[7] Manitoba Bureau of Statistics, Statistics Canada’s First Nations and Métis population projections – Manitoba highlights, [Winnipeg], 2016. http://www.gov.mb.ca/mbs/reports/pubs/demographic_impacts_2015/ mbs_demo_impact_2015_a2_statcan_aboriginal_projection.pdf

[8] Manitoba Bureau of Statistics, Latest Population Estimates: April 2016, [Winnipeg], 2016. http://www.gov.mb.ca/ mbs/pubs/de_popn-qrt-latest.pdf

[9] Manitoba Bureau of Statistics, Latest Population Estimates: April 2016, [Winnipeg], 2016. http://www.gov.mb.ca/ mbs/pubs/de_popn-qrt-latest.pdf

[10] Statistics Canada, Table  051-0012 –  Interprovincial migrants, by age group and sex, Canada, provinces and territories, annual (persons),  CANSIM (database). (accessed: September 14, 2016).

[11] Statistics Canada, Table  051-0019 –  Interprovincial migrants, by province or territory of origin and destination, annual (persons),  CANSIM (database). (accessed: September 14, 2016)

[12] Manitoba Labour and Immigration, Manitoba Immigration Facts 2014 Statistical Report, [Winnipeg], 2015. http://www.gov.mb.ca/labour/immigration/pdf/mb_imm_facts_rep_2014.pdf

[13] Manitoba Labour and Immigration, Manitoba Immigration Facts 2014 Statistical Report, [Winnipeg], 2015. http://www.gov.mb.ca/labour/immigration/pdf/mb_imm_facts_rep_2014.pdf

[14] Manitoba Labour and Immigration, Manitoba Immigration Facts 2014 Statistical Report, [Winnipeg], 2015. http://www.gov.mb.ca/labour/immigration/pdf/mb_imm_facts_rep_2014.pdf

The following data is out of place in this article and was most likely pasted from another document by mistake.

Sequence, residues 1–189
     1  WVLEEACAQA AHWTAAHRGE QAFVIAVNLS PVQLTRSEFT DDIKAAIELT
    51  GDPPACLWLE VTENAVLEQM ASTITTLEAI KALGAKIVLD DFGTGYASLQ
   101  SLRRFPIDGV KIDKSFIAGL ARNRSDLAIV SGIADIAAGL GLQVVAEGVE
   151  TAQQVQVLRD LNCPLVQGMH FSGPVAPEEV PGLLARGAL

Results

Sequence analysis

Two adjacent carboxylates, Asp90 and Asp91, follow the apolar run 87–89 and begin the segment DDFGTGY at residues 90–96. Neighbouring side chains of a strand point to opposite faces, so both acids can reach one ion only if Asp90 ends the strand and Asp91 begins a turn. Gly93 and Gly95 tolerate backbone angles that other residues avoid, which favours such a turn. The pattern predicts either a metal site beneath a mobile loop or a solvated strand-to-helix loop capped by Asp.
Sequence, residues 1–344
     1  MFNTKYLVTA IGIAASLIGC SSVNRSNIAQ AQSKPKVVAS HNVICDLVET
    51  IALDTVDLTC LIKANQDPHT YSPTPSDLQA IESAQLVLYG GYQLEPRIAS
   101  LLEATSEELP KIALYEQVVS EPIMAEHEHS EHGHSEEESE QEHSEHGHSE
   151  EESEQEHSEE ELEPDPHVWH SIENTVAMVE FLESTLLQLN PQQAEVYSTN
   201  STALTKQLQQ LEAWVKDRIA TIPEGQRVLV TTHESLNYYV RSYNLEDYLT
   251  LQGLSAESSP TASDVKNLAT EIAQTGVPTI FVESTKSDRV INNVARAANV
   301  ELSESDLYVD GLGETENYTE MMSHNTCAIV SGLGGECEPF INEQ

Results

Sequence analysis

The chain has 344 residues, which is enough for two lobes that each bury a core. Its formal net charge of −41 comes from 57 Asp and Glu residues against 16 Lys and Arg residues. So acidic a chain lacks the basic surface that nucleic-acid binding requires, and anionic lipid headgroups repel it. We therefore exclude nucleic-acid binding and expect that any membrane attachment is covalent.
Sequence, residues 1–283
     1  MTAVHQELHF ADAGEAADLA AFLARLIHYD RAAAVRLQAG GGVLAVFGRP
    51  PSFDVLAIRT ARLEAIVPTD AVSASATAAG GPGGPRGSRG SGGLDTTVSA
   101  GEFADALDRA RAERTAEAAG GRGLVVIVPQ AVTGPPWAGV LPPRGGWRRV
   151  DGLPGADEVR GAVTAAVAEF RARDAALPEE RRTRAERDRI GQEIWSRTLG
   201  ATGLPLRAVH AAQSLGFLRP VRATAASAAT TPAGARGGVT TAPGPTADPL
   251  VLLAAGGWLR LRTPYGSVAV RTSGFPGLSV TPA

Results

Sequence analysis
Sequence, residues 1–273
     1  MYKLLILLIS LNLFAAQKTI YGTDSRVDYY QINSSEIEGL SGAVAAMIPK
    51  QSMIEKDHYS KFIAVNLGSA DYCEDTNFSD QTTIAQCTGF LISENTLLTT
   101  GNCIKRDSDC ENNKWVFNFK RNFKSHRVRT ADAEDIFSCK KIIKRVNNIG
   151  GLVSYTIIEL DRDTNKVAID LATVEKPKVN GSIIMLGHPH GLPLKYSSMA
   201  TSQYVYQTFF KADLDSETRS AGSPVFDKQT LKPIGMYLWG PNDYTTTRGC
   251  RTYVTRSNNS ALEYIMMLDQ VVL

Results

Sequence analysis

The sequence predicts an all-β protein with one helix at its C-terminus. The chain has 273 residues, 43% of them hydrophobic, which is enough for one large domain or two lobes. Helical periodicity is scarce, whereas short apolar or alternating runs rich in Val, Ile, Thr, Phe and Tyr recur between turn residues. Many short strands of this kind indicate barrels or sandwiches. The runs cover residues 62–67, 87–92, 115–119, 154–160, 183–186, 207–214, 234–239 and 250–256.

[15] Manitoba Labour and Immigration, Manitoba Immigration Facts 2014 Statistical Report, [Winnipeg], 2015. http://www.gov.mb.ca/labour/immigration/pdf/mb_imm_facts_rep_2014.pdf

[16] Manitoba Labour and Immigration, Manitoba Immigration Facts 2014 Statistical Report, [Winnipeg], 2015. http://www.gov.mb.ca/labour/immigration/pdf/mb_imm_facts_rep_2014.pdf

[17] Citizenship and Immigration Canada, Map of destination communities and service provider organizations, August 25, 2016. Accessed September 16, 2016. http://www.cic.gc.ca/english/refugees/welcome/map.asp

[18] Manitoba Labour and Immigration, Manitoba Immigration Facts 2014 Statistical Report, [Winnipeg], 2015. http://www.gov.mb.ca/labour/immigration/pdf/mb_imm_facts_rep_2014.pdf

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62 Recommendations and the Legacy of Phoenix Sinclair

By Shauna MacKinnon

“ the social and economic conditions that render children vulnerable to abuse and neglect are well beyond the scope of the child welfare system” (Hon. Ted Hughes, Commissioner, The Legacy of Phoenix Sinclair: Achieving the Best for All Our Children).

Phoenix Sinclair spent much of her young life in and out of the care of Child and Family Services. She died at the hands of her parents in 2005.

On December 31, 2013, the Phoenix Sinclair Inquiry Commission released its much anticipated final report. Also known as the “Hughes Report” this comprehensive, 3-volume, 870-page document examines the circumstances surrounding the tragic death of 5-year old Phoenix Sinclair and outlines 62 recommendations for action resulting from 21 months of intense proceedings. Continue reading

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Filed under Aboriginal issues, Child Welfare, Fast Facts, inequality, Manitoba

Manitoba’s 2016 Speech from the Throne: Austerity Darkens the Door

If the new provincial government had shown a certain amount of restraint up until now, it seemed much more willing to show its hand in Monday’s Throne Speech. A few strong messages emerged: public-sector workers are in for a rough ride; there’s going to be a strong push towards privatization on several levels; and there’s nothing concrete for Manitoba’s northern communities.screen-shot-2016-11-25-at-10-00-12-am

It all adds up to a strong austerity agenda.